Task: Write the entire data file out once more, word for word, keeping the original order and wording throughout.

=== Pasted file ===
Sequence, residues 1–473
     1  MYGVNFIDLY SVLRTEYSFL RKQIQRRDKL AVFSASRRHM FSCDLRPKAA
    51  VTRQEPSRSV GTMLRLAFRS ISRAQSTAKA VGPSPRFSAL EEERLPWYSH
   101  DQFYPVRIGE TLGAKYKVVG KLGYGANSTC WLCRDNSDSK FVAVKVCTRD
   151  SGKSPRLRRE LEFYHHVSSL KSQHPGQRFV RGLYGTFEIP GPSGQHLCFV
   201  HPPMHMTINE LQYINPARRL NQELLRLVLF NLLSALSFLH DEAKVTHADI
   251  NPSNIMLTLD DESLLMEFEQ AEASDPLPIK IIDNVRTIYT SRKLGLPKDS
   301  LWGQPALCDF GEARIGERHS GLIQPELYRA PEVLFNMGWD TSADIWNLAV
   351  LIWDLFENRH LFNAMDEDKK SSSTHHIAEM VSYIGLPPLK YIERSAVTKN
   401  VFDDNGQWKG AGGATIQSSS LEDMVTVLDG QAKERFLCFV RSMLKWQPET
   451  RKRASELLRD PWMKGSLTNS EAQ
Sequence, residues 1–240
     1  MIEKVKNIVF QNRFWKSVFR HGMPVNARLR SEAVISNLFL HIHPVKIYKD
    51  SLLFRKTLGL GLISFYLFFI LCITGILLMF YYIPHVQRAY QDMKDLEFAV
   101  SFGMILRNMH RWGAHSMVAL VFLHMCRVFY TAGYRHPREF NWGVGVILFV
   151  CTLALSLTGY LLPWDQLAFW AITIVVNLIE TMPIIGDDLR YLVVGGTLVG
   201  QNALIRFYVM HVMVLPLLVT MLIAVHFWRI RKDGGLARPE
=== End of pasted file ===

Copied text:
Sequence, residues 1–473
     1  MYGVNFIDLY SVLRTEYSFL RKQIQRRDKL AVFSASRRHM FSCDLRPKAA
    51  VTRQEPSRSV GTMLRLAFRS ISRAQSTAKA VGPSPRFSAL EEERLPWYSH
   101  DQFYPVRIGE TLGAKYKVVG KLGYGANSTC WLCRDNSDSK FVAVKVCTRD
   151  SGKSPRLRRE LEFYHHVSSL KSQHPGQRFV RGLYGTFEIP GPSGQHLCFV
   201  HPPMHMTINE LQYINPARRL NQELLRLVLF NLLSALSFLH DEAKVTHADI
   251  NPSNIMLTLD DESLLMEFEQ AEASDPLPIK IIDNVRTIYT SRKLGLPKDS
   301  LWGQPALCDF GEARIGERHS GLIQPELYRA PEVLFNMGWD TSADIWNLAV
   351  LIWDLFENRH LFNAMDEDKK SSSTHHIAEM VSYIGLPPLK YIERSAVTKN
   401  VFDDNGQWKG AGGATIQSSS LEDMVTVLDG QAKERFLCFV RSMLKWQPET
   451  RKRASELLRD PWMKGSLTNS EAQ
Sequence, residues 1–240
     1  MIEKVKNIVF QNRFWKSVFR HGMPVNARLR SEAVISNLFL HIHPVKIYKD
    51  SLLFRKTLGL GLISFYLFFI LCITGILLMF YYIPHVQRAY QDMKDLEFAV
   101  SFGMILRNMH RWGAHSMVAL VFLHMCRVFY TAGYRHPREF NWGVGVILFV
   151  CTLALSLTGY LLPWDQLAFW AITIVVNLIE TMPIIGDDLR YLVVGGTLVG
   201  QNALIRFYVM HVMVLPLLVT MLIAVHFWRI RKDGGLARPE